Because a picture is worth a thousand words, I want to share something with you…20 Photos that change the Holocaust Narrative…check it out and then come back (don’t forget the coming back part!)

I think the point of those pictures is to help Jewish people, and the rest of the world to think of Holocaust survivors as just that…survivors.

I do use both terms…I might talk about “Hitler‘s victims”, because “Hitler’s survivors” wouldn’t make sense. Besides saying “Hitler’s victims” seems to better illustrate my disgust for him. On the other hand, I would also say survivors of the Holocaust, or Anne Frank and Corrie ten Boom are two Holocaust survivors I really admire. In that sense, I would feel as if I were insulting them to call them victims.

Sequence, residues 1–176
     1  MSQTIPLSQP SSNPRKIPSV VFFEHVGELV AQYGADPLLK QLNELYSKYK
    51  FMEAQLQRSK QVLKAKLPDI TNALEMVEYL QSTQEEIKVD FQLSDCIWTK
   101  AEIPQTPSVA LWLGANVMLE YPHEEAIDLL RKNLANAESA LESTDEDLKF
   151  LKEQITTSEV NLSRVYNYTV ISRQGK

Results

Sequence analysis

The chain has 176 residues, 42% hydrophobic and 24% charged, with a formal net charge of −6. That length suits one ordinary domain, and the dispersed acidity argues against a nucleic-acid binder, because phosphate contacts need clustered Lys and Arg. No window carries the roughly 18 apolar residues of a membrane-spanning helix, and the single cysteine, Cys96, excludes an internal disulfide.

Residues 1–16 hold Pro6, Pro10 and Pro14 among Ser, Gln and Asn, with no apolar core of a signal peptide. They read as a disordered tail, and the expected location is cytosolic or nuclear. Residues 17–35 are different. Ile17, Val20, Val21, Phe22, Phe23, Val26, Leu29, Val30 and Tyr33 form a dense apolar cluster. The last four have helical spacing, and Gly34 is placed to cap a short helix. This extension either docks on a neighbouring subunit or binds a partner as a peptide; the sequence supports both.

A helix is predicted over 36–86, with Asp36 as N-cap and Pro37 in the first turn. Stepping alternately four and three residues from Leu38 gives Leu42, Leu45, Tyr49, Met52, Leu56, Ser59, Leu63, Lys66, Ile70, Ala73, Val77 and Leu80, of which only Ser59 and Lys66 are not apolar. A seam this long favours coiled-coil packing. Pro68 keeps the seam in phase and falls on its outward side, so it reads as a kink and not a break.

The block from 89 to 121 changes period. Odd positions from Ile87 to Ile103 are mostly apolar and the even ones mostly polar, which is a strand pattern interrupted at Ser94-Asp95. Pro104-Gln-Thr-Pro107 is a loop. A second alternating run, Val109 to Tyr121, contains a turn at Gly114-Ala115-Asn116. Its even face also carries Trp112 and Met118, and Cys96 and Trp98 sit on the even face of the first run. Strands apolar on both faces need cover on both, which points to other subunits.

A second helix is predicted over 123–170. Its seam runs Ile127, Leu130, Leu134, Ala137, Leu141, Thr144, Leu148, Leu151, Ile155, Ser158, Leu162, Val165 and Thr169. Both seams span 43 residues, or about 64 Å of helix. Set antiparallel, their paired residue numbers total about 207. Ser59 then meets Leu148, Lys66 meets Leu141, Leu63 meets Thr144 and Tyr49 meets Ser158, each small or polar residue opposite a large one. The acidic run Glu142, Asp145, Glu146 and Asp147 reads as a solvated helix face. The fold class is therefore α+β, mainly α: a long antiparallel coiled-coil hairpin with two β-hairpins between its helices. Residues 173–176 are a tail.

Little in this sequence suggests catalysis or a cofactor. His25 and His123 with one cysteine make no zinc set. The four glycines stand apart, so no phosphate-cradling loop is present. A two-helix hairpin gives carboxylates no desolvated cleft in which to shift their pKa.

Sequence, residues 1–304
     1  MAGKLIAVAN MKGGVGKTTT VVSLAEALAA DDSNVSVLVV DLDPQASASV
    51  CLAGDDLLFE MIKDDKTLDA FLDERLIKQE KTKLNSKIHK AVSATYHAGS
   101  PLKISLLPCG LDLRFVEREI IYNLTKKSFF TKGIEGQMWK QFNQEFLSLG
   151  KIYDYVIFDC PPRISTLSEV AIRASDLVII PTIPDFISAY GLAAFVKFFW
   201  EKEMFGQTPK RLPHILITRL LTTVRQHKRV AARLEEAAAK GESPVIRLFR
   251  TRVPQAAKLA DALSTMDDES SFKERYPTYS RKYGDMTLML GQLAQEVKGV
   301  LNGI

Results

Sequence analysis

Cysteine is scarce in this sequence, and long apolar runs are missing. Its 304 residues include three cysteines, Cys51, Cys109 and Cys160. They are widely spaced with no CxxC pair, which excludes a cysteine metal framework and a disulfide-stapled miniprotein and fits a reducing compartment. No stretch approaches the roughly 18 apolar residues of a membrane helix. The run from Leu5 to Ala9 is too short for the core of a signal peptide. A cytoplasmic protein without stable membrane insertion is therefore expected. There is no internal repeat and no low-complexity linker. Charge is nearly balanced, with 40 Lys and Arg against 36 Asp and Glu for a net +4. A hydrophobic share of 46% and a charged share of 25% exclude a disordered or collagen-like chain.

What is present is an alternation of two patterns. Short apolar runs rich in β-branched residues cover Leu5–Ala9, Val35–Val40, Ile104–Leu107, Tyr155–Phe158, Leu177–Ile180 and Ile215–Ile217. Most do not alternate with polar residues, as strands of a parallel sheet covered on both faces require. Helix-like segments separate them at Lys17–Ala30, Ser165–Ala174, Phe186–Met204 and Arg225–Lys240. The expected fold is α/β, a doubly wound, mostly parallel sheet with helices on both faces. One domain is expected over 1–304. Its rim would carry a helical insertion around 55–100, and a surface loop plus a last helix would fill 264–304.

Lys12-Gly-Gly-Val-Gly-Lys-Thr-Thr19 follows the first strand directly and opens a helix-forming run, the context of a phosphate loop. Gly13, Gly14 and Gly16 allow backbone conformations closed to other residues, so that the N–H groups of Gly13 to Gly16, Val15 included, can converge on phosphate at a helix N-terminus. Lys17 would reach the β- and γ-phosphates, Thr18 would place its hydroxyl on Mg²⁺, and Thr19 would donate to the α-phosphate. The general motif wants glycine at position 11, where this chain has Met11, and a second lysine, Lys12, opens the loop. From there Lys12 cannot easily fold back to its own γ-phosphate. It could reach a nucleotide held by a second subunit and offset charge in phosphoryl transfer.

Changing the Narrative applies to all survivors of trauma.

I have been pondering lately, on how people might perceive me and my sharing of my story.  Do they, I wondered, see me with pity as a victim?  I hope not, that is certainly not my intent!  I share because:

  • I lived with silence most of my life, but no more
  • I want to help other survivors know they are not alone
  •  to give other survivors courage to hold on for one more day if that is what they need
  •  to  try to lessen the shame of being a survivor of abuse, particularly sexual abuse
  • to lessen the shame of being in therapy…for years
  • to lessen the shame of mental “illness” such as PTSD, and DID

Make no mistake, I am not a victim…I am a survivor.

Photo attribution Library of Congress courtesy of Flickr Commons